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36 posts


# 126922 23-Jul-2013 22:01
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So I've read all of the marketing rhetoric, and I want to know the real truth (in the way that only GZers can) 
Given that it would be rare to get an international speed of greater then 5mb/s (SFTP or another block protocol) what is the point in 100mb/s full speed fibre? 
I'd get a great speed to but ... 

Is there any greater slice of the international pie given to customers subscribing to the higher Bandwidth?

Anyone got the higher speed? is there a discernible benefit?

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  # 864698 23-Jul-2013 22:01
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Hello... Our robot found some keywords in your post, so here is an automated reply with some important things to note regarding broadband speeds.



If you are posting regarding DSL speeds please check that



- you have reset your modem and router



- your PC (or other PCs in your LAN) is not downloading large files when you are testing


- you are not being throttled by your ISP due to going over the monthly cap



- your tests are always done on an ethernet connection to the router - do not use wireless for testing



- you read this topic and follow the instructions there.



Make sure you provide information for other users to help you. If you have not already done it, please EDIT your post and add this now:



- Your ISP and plan



- Type of connection (ADSL, ADSL2, VDSL)



- Your modem DSL stats (do not worry about posting Speedtest, we need sync rate, attenuation and noise margin)



- Your general location (or street)



- If you are rural or urban



- If you know your connection is to an exchange, cabinet or conklin



- If your connection is to a ULL or wholesale service



- If you have done an isolation test as per the link above



Most of the problems with speed are likely to be related to internal wiring issues. Read this discussion to find out more about this. Your ISP is not intentionally slowing you down today (unless you are on a managed plan). Also if this is the school holidays it's likely you will notice slower than usual speed due to more users online.



A master splitter is required for VDSL2 and in most cases will improve speeds on DSL connections. Regular disconnections can be a monitored alarm or a set top box trying to connect. If there's an alarm connected to your line even if you don't have an alarm contract it may still try to connect so it's worth checking.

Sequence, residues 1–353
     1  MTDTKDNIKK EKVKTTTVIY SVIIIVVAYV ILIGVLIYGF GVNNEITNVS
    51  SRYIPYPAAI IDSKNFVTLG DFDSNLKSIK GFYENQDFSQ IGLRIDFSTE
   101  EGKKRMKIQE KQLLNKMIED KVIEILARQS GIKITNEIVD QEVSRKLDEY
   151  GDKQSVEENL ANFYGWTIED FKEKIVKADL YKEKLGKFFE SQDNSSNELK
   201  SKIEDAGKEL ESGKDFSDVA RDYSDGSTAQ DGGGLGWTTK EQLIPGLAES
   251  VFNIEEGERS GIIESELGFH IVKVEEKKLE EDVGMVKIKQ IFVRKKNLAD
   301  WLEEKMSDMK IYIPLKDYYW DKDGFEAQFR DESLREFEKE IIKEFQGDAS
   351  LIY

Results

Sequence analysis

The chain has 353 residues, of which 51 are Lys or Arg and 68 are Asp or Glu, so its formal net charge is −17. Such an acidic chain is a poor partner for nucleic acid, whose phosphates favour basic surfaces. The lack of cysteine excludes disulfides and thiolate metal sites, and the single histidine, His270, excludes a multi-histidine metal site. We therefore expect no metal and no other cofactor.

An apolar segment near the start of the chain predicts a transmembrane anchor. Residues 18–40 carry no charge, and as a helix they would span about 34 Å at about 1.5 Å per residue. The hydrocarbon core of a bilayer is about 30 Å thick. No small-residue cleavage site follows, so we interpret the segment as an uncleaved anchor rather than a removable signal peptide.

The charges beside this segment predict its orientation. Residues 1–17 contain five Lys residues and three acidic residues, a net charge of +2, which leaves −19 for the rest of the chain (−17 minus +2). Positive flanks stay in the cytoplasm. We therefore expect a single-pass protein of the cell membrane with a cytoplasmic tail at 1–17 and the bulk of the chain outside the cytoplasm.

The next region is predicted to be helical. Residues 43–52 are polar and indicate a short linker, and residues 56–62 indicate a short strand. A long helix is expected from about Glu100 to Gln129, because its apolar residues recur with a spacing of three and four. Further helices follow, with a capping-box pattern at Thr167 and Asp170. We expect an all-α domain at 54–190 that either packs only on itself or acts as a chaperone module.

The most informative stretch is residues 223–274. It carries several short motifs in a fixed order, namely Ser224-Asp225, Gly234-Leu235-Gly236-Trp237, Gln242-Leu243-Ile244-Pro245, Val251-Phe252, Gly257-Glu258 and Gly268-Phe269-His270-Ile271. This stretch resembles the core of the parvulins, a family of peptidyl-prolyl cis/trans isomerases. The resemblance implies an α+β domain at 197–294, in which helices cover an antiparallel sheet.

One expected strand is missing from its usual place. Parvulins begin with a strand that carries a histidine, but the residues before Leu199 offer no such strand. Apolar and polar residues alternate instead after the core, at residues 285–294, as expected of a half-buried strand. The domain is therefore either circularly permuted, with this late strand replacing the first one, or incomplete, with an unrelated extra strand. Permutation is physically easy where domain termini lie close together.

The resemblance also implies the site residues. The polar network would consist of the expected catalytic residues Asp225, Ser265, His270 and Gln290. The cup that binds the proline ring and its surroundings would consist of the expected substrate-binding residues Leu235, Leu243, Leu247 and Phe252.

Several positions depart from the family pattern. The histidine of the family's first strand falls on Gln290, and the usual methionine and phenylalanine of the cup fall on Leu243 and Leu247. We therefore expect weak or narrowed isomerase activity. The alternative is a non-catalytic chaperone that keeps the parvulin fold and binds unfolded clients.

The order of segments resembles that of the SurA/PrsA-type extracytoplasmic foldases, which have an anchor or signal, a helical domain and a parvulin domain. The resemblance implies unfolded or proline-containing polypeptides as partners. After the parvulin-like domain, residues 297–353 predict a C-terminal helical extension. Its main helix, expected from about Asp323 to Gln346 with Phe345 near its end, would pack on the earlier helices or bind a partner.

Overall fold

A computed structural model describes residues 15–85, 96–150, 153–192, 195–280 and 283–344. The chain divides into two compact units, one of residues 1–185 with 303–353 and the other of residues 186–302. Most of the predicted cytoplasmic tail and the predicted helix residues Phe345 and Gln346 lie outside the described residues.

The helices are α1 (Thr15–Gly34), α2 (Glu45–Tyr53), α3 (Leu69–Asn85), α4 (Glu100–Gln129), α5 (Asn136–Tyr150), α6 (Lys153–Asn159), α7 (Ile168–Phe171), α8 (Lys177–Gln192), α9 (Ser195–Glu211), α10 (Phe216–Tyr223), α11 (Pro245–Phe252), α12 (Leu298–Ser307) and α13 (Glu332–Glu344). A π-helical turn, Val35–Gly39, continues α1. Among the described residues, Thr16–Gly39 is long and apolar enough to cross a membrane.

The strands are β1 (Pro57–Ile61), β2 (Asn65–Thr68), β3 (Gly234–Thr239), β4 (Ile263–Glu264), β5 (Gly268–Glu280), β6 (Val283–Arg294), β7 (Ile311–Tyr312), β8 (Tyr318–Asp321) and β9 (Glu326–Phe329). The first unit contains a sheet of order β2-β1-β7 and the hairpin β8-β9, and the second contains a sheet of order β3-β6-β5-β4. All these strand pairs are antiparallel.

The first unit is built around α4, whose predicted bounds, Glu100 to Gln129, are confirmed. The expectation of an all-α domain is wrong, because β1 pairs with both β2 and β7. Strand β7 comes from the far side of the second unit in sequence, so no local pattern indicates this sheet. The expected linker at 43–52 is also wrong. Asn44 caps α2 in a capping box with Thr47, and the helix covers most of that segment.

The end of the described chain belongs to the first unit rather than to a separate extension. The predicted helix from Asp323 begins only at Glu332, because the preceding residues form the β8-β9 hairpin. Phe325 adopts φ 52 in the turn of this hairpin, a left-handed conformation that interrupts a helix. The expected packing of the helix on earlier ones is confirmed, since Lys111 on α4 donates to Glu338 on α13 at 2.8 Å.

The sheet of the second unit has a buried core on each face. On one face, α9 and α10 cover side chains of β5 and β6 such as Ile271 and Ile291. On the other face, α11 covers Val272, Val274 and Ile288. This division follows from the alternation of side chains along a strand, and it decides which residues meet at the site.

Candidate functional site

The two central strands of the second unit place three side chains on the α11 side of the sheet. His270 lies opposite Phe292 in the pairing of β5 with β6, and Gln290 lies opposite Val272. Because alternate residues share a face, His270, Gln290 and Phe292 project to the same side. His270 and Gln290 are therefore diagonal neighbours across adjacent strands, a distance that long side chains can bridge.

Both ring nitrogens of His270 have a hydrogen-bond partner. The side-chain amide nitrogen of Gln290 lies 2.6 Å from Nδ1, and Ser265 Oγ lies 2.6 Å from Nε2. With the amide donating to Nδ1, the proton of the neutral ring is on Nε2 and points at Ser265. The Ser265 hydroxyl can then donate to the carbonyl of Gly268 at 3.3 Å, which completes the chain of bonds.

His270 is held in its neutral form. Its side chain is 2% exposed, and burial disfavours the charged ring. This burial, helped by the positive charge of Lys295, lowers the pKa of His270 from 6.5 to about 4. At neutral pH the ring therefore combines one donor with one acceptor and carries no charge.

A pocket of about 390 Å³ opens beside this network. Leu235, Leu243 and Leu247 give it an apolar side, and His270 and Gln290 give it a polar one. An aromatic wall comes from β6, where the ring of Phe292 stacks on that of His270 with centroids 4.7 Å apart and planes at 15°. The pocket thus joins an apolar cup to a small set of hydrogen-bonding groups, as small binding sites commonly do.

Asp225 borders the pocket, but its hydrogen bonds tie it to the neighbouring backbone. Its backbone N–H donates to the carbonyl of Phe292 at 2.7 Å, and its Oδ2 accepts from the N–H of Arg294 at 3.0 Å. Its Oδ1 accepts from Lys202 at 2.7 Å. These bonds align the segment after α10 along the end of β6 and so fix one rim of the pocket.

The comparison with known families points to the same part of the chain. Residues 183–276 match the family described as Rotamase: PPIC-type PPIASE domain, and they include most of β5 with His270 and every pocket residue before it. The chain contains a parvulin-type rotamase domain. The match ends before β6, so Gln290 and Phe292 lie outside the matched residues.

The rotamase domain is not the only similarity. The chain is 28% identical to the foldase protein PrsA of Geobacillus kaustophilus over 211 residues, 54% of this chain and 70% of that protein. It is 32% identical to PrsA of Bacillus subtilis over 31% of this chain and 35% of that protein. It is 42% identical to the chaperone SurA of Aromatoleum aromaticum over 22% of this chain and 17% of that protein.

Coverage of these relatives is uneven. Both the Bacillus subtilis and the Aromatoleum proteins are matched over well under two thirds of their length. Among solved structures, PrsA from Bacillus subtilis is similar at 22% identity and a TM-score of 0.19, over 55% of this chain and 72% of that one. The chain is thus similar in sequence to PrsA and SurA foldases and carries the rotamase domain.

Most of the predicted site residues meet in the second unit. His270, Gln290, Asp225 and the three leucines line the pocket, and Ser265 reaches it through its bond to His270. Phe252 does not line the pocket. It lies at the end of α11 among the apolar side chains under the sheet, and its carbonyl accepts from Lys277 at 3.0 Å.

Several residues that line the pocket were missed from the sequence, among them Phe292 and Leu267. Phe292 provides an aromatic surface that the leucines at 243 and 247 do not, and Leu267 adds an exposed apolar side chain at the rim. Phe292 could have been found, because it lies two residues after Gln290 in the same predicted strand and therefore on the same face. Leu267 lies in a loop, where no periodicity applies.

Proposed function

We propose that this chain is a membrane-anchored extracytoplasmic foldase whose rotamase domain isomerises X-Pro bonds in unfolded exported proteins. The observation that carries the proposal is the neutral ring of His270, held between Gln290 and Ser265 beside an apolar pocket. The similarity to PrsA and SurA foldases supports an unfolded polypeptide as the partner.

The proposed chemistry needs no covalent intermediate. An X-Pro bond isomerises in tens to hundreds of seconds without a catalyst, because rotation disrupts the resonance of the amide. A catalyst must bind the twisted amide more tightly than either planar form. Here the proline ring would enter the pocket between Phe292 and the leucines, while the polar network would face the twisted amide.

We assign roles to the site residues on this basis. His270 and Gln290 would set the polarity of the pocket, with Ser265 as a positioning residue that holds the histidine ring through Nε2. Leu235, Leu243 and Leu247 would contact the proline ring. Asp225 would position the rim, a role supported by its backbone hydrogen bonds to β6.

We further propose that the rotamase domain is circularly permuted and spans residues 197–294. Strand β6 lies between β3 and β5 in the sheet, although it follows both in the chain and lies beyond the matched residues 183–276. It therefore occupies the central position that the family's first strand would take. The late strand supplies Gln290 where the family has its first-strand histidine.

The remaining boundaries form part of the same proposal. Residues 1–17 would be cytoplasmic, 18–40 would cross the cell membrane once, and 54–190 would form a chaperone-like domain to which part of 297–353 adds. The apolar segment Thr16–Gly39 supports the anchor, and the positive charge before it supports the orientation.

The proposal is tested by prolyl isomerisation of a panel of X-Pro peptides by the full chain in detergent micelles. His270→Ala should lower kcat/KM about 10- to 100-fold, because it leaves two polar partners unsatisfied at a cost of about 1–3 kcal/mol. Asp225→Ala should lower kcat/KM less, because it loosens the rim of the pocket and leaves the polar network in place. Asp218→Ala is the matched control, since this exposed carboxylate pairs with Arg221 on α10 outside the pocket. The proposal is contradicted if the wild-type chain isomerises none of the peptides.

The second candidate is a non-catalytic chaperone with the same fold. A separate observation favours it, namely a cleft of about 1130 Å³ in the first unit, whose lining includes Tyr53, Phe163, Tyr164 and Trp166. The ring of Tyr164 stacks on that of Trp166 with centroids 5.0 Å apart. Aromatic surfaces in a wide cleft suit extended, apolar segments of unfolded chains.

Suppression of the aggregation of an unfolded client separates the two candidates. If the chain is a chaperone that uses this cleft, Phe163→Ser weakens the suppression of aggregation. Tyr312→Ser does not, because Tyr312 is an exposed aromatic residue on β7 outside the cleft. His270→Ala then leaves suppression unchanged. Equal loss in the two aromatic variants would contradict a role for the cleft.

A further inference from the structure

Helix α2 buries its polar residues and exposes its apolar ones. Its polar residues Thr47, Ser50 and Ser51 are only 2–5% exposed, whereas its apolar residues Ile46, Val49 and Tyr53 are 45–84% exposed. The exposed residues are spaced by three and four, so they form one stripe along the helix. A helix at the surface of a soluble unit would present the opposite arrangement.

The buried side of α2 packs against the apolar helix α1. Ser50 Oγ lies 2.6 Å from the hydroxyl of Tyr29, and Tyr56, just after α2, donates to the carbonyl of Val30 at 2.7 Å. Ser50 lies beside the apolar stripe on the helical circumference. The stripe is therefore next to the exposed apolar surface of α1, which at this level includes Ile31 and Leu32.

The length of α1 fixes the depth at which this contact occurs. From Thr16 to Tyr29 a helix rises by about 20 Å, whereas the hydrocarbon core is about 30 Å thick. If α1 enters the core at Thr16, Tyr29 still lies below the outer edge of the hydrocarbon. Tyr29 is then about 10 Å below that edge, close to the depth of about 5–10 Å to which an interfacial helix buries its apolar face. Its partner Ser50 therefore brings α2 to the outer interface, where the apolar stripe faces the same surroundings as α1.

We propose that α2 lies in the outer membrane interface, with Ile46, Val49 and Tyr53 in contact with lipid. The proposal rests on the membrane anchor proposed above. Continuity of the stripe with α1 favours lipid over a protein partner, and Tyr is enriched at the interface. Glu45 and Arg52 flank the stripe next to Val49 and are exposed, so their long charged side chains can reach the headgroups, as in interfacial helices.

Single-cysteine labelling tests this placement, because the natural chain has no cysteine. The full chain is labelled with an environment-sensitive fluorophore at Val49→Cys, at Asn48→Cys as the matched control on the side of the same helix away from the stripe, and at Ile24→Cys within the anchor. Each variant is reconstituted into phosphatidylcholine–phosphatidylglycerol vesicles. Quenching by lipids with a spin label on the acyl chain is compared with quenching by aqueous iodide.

I recommend you read these two blog posts:



- Is your premises phone wiring impacting your broadband performance? (very technical)



- Are you receiving a substandard ULL ADSL2+ connection from your ISP?

I am the Geekzone Robot and I am here to help. I am from the Internet. I do not interact. Do not expect other replies from me.

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  # 864776 24-Jul-2013 06:20
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Two things

a) Who says you'll only get a speedtest of 5Mbps?

b) What do you actually use the internet for? What are you expecting 100Mbps to give you? 100Mbps to every site on the internet?

To the US somewhere in the vicinity of 3Mbps is the maxium you'll get on a single stream TCP steam, but this doesn't mean you're restricted to 3Mbps. To somewhere like Australia providing your ISP isn't restricting things you should be able to get 80Mbps +


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  # 864778 24-Jul-2013 07:21
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my son has the 100 Mb/s connection and he gets 10 Mb/s as an average speed all the time.

Common sense is not as common as you think.


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  # 864794 24-Jul-2013 08:27
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merknz: Given that it would be rare to get an international speed of greater then 5mb/s (SFTP or another block protocol) what is the point in 100mb/s full speed fibre? 

Much higher download speeds are possible and I have seen 100 Mbps from North America over an Orcon 100 Mbps connection (single threaded) but don't expect this during busy times (here or overseas) or when settings aren't optimal.  However, as has been covered in other posts, a typical speed for UFB providers for international traffic of 2-3 MBps (16-24 Mbps) is more common and there may not be always be much difference between the 100M or the 30M plan for long distances.

One big difference is upload speed. For some users going from 10 Mbps upload to 50 Mbps is a real bonus for local/national traffic.

If your requirements are mostly international downloads then the slower plan may be your answer but if local/national is important the faster plan should show useful gains.

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  # 864836 24-Jul-2013 09:05
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If you start with 30 you could always upgrade later if it looked beneficial. I'm on 30 and wouldn't see any personal benefit in going to 100 but, hey, the choice is there.

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  # 864839 24-Jul-2013 09:10
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While download speeds are limited to what the website can provide, if you have multiple users in the home/business you can expect them to be less affected by the other users as the overall speed available on the connection is much higher

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  # 865403 24-Jul-2013 22:23
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I don't run any services and I'm leaning towards advanced user, to be honest I'm happy with the speeds I get generally .. just wanted to see if there was more ... (speed junkie in training)

Thanks everyone :-)

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